Rosetta was originally intended to rendezvous with the periodic comet 46P/Wirtanen, but, after the launch was delayed, the target was changed to another regular visitor to the inner Solar System, 67P/Churyumov-Gerasimenko.
67P/Churyumov-Gerasimenko was discovered in 1969, when several astronomers from Kiev visited the Alma-Ata Astrophysical Institute to conduct a survey of comets. On 20 September, Klim Churyumov was examining photographs of comet 32P/Comas Solá taken by Svetlana Gerasimenko when he found a comet-like object near the edge of the plate.
He assumed that the faint object was the expected periodic comet, but upon returning to Kiev, he studied the plates very carefully and eventually realised that a new comet had been found, less than two degrees from comet Comas Solá.
The comet has a particularly unusual history. Up to 1840 its perihelion distance was 4.0 AU (four Sun-Earth distances or about 600 million km) and the comet was completely unobservable from Earth. That year, a fairly close encounter with Jupiter caused the orbit to move inwards to a perihelion distance of 3.0 AU (450 million km). Over the next century, the perihelion gradually decreased further to 2.77 AU. Then, in 1959, a further Jupiter encounter reduced the perihelion to just 1.29 AU. It currently completes one orbit of the Sun every 6.57 years.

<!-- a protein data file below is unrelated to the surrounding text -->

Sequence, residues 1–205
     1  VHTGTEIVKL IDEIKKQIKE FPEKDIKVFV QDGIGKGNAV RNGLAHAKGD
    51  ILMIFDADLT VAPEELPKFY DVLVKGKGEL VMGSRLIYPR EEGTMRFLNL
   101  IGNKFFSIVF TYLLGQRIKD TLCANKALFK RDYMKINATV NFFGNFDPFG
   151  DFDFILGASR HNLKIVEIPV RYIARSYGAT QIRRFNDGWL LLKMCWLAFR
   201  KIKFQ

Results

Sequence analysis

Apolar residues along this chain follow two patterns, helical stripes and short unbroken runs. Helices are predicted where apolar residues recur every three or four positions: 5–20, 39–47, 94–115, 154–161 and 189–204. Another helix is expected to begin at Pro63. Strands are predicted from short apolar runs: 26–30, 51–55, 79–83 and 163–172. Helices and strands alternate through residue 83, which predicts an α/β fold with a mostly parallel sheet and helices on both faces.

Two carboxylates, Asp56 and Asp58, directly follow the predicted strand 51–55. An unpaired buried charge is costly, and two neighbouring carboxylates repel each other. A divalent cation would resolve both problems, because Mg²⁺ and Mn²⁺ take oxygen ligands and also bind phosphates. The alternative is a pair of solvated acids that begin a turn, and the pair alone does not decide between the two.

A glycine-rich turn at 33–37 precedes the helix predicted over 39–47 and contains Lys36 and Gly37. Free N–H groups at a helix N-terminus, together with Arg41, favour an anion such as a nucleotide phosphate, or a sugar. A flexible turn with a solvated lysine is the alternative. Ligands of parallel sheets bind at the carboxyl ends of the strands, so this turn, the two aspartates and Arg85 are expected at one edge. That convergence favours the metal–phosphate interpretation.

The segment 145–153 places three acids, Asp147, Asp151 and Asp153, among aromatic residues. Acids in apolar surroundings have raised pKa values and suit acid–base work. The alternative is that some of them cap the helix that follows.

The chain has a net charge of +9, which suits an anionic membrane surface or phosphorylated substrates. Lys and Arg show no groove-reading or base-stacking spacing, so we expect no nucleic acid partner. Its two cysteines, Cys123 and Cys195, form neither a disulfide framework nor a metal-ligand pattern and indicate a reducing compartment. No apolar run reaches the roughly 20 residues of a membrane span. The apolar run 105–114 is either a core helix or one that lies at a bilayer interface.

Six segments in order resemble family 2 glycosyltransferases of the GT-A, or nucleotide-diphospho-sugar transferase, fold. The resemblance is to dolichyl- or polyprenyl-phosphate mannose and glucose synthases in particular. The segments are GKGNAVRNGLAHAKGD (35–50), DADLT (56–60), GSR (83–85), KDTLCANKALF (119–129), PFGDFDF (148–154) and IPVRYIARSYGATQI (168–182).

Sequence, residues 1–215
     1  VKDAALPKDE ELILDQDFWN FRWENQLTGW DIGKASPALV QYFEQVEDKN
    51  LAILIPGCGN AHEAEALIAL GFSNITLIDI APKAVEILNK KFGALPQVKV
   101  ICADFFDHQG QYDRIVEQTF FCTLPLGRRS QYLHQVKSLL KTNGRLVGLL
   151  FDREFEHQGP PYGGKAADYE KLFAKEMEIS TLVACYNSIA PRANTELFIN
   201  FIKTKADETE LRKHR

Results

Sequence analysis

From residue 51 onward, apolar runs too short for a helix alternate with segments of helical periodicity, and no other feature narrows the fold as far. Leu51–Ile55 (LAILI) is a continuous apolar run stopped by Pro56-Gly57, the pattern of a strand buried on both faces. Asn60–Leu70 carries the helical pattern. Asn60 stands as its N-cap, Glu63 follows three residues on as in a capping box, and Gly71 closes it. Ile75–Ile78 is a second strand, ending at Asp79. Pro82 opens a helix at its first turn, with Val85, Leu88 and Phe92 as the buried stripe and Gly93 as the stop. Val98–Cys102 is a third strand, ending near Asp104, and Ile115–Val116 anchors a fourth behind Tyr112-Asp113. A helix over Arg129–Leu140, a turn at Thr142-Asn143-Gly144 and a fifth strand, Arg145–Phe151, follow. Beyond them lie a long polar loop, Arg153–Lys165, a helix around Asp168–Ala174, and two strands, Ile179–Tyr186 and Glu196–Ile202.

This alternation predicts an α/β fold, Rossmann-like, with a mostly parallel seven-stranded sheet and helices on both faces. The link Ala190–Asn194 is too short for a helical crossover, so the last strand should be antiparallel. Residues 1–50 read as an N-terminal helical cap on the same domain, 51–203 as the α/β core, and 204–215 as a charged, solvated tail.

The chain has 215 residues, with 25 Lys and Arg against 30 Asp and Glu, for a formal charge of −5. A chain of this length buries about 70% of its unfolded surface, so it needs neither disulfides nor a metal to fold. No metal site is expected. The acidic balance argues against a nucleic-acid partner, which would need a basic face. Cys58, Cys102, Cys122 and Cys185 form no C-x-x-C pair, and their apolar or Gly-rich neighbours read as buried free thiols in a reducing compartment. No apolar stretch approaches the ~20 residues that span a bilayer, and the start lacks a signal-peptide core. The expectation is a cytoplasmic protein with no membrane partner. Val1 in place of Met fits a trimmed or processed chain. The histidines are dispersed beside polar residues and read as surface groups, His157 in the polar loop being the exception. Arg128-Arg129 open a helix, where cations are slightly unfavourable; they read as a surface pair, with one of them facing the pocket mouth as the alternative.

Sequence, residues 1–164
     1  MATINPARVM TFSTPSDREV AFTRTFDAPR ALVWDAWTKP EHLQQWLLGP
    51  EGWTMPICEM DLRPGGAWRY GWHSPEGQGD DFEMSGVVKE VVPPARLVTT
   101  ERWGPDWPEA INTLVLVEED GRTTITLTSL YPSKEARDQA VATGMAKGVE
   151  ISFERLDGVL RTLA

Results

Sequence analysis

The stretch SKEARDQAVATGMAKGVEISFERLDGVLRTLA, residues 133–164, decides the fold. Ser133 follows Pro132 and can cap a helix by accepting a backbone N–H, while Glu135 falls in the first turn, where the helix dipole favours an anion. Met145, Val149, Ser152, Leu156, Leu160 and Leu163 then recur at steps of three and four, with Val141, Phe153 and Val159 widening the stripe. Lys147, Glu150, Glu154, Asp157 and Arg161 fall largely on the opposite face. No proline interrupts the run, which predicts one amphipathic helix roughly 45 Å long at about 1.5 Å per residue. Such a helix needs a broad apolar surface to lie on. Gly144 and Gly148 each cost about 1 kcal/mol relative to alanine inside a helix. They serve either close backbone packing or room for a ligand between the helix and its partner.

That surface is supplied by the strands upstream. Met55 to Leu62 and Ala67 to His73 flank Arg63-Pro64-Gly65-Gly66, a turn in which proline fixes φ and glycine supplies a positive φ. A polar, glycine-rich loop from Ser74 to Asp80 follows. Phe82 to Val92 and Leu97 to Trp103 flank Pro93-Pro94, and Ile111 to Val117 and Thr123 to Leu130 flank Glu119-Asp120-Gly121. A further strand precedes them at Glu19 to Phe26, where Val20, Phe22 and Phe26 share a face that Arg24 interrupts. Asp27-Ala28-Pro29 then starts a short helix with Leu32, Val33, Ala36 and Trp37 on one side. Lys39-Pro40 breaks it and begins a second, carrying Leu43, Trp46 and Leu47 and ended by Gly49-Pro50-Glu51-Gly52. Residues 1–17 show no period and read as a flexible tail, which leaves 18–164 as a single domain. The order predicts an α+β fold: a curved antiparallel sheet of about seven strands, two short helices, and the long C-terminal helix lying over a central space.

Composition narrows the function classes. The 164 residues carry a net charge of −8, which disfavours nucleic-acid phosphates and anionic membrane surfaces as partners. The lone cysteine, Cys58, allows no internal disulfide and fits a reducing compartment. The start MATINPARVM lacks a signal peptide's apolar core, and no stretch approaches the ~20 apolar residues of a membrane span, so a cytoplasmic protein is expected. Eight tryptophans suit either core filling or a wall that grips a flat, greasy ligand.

The comet has now been observed from Earth on six approaches to the Sun - 1969 (discovery), 1976, 1982, 1989, 1996 and 2002. It is unusually active for a short period object and has a coma (a diffuse cloud of dust and gas surrounding the solid nucleus) and often a tail at perihelion. During the 2002/2003 apparition, the tail was up to 10 arcminutes long as seen from Earth, with a bright central condensation in a faint extended coma. Even 7 months after perihelion the tail continued to be very well developed, although it subsequently faded rapidly.
The comet typically reaches a magnitude around 12, although this is because the comet has outburst at perihelion at three of its last four returns in 1982/83, 1996/97 and 2002/03. Despite being a relatively active object, even at the peak of outburst the dust production rate is some 40 times lower than for 1P/Halley. Nevertheless, 67P/Churyumov-Gerasimenko is classed as a dusty comet.
The peak dust production rate in 2002/03 was estimated at approximately 60kg per second, although values as high as 220kg per second were reported in 1982/83. The gas to dust emission ratio is approximately 2.
Sixty-one images of comet 67P/Churyumov-Gerasimenko were taken with the Wide Field Planetary Camera 2 on board the Hubble Space Telescope on 11-12 March 2003. The HST's sharp vision enabled astronomers to isolate the comet's nucleus from the coma. The images showed that the nucleus measures five by three kilometres and has an ellipsoidal (rugby ball) shape. It rotates once in approximately 12 hours.
"Although 67P/C-G is roughly three times larger than the original Rosetta target, its elongated shape should make landing on its nucleus feasible, now that measures are in place to adapt the lander package to the new configuration before next year's launch," said Dr. Philippe Lamy of the Laboratoire d'Astronomie Spatiale in France.